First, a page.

This year’s competition saw 15 awards in three individual categories – Blogs, Websites, and New Media – including ‘Young Blogger of the Year’, ‘Most Inspiring Leadership Blog’, ‘Up & Coming Award’, ‘Multi-Author Blog of the Year’, ‘Best Christian Organisation Website’, ‘Most Engaging Small Church Website’, ‘Most Engaging Large Church Website’, ‘Best New or Re-designed Web Site’, ‘Accessibility Award’, ‘Innovative Use of New Media in Outreach’, ‘Christian Mobile/Tablet app of the Year’, ‘Tweeter of the Year’, ‘Most Creative Use of Social Media’, and ‘People’s Choice Award’.
A £1,000 cheque for the ‘Most Engaging Small Church Website’ went to Catherine Hellings of the Hope Church, Islington.
Winner of the ‘Most Creative Use of Social Media’ went to Spurgeons for their ‘Every 22 Minutes’ initiative which responds to the fact that, every 22 minutes, a child under 16 in the UK loses a parent.
Fiona Furman, who directs the campaign, explained that the organisation has almost 100 services operating across England supporting children following bereavement or being separated from their parents.
“Jesus himself told us that those who mourn will be comforted,” she said. ”We are so delighted that our campaign has been recognised by these awards, especially for these young people, so we might all better understand their grief”.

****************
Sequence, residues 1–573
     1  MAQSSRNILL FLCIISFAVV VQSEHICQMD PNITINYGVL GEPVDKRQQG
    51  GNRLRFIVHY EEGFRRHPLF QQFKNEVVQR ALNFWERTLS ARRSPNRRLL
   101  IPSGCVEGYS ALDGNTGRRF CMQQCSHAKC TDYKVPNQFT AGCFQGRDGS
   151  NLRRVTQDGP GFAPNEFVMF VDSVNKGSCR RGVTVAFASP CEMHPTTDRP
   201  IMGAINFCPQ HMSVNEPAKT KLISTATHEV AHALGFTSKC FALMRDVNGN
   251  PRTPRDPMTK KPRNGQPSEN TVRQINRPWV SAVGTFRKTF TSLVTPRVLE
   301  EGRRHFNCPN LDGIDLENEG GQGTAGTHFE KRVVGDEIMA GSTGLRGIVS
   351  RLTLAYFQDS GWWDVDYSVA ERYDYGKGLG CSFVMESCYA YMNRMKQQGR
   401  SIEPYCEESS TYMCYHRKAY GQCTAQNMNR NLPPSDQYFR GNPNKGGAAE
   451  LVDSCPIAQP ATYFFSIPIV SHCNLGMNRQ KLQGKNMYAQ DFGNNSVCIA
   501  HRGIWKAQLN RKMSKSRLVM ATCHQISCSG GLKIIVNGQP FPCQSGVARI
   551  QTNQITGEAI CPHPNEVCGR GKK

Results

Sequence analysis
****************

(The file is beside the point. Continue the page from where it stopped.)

Their website can be found at

For a full list of Winners and finalists, visit


JCE News is showing - Mother Teresa: In the Name of God's Poor (1997)
 -  Biography | Drama  -  5 October 1997 (USA)
This is the true story of Mother Teresa, beginning in Calcutta, India, where she starts her order to help the poorest of Gods poor.


 Kevin Connor


   Jan Hartman (story), Dominique Lapierre (story),


   Geraldine Chaplin, Keene Curtis, Helena Carroll 


Friday of the Thirty-second Week in Ordinary Time
Lectionary: 495

Reading 1                       WIS 13:1-9

All men were by nature foolish who were in ignorance of God,
and who from the good things seen did not succeed in knowing him who is,
and from studying the works did not discern the artisan;
But either fire, or wind, or the swift air,
or the circuit of the stars, or the mighty water,
or the luminaries of heaven, the governors of the world, they considered gods.